The CRE Industry Responds

While numerous reports in recent years have documented corporate moves from suburban locations to city centers, there is now convincing evidence that heightened new home construction and corporate employment centers are/will inevitably follow the millennials to the suburbs and exurbs., in a late 2018 article confirms that the CRE industry is indeed responding. “Suburbs are seeing a boon in apartment construction in response to market demand and demographic change.” And in a 3/13/19 article on the same website states: “The suburbs and exurbs in the hottest housing markets stand out with especially high permitting rates.” Importantly, the trend is a national one, with home construction permitting rates at especially high levels in cities as geographically diverse as Apex North Carolina (a suburb of Raleigh), Frisco Texas (a suburb of Dallas), Redmond Washington (a suburb of Seattle), and Buckeye Arizona (a suburb of Phoenix).

As Bloomberg advises, “Urban cores have to worry about the possibility of being overbuilt. As millennials age into their 30s and home ownership is on the rise, demographics are now moving against urban landlords. As people move into the suburbs and exurbs, they may want employment options other than long commutes into urban cores – a threat to the sparkling new corporate campuses built for this cycle. For millennials, the suburbs are the new city and employers chasing young talent are starting to look at them anew.”

Leading what could become a major corporate return to the office parks of the suburbs and exurbs are the biotech companies. Corporations in this industry usually require large spaces for laboratories which are very costly in many urban cores such as Boston or New York. (This financial consideration is particularly important for the many startups in this industry that may be operating with limited capital.) The millennial move to the burbs provides an extra incentive for these firms to decamp from urban centers.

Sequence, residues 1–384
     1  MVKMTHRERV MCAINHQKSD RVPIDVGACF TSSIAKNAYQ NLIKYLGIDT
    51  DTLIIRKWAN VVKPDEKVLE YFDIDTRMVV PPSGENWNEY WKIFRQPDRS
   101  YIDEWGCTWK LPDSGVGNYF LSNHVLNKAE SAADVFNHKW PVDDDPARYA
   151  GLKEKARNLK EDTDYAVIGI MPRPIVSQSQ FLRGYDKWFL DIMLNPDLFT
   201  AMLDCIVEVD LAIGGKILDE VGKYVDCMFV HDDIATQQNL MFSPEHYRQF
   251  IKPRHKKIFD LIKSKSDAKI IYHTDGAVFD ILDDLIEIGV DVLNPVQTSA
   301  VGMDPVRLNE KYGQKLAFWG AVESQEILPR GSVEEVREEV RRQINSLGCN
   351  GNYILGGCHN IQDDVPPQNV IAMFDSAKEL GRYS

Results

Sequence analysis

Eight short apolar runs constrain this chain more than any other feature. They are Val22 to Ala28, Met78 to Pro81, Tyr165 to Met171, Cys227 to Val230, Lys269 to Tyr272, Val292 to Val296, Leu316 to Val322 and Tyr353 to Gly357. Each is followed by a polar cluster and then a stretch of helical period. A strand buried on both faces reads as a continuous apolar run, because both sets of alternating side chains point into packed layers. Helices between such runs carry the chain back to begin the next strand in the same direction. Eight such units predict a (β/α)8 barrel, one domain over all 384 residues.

Biotechs such as Modern Meadow and Exosome Diagnostics are exiting from expensive New York and Cambridge for Nutley, New Jersey and Waltham, Massachusetts respectively. Dragonfly Therapeutics Inc. also left Cambridge where the company was founded in 2015, and it too settled on Waltham.

According to an article by Melissa Reagan, head of research for TH Real Estate, an affiliate of Nuveen, “Our research indicates that both older and younger millennials will … migrate to the suburbs of either the metros they currently live in or to the suburbs of more affordable metro areas with favorable job growth.”

And in an interview with Commercial Property Executive, the same Ms. Reagan explained that suburban office markets could benefit from millennials moving to the suburbs. “This could increase demand for suburban office space, and it could go through a renaissance … Suburban office markets could benefit from millennials living in the suburbs [who may] want an easy commute, which means they may want to work in the suburbs in addition to living there.”


As the millennials marry and raise families, they are following the pattern of the generations which preceded them: they are moving to the suburbs. And, as referenced earlier, the trend of corporate headquarters relocating to urban centers is likely to reverse itself once more. Regardless of those unique qualities which define the millennials, their basic needs are really very similar to that of previous generations which foster practical choices concerning affordability, safety, space, good schools, etc.

On that note, it’s a good time to conclude this article. Is anyone else craving avocado toast with a light olive oil drizzle and a sprinkle of salt?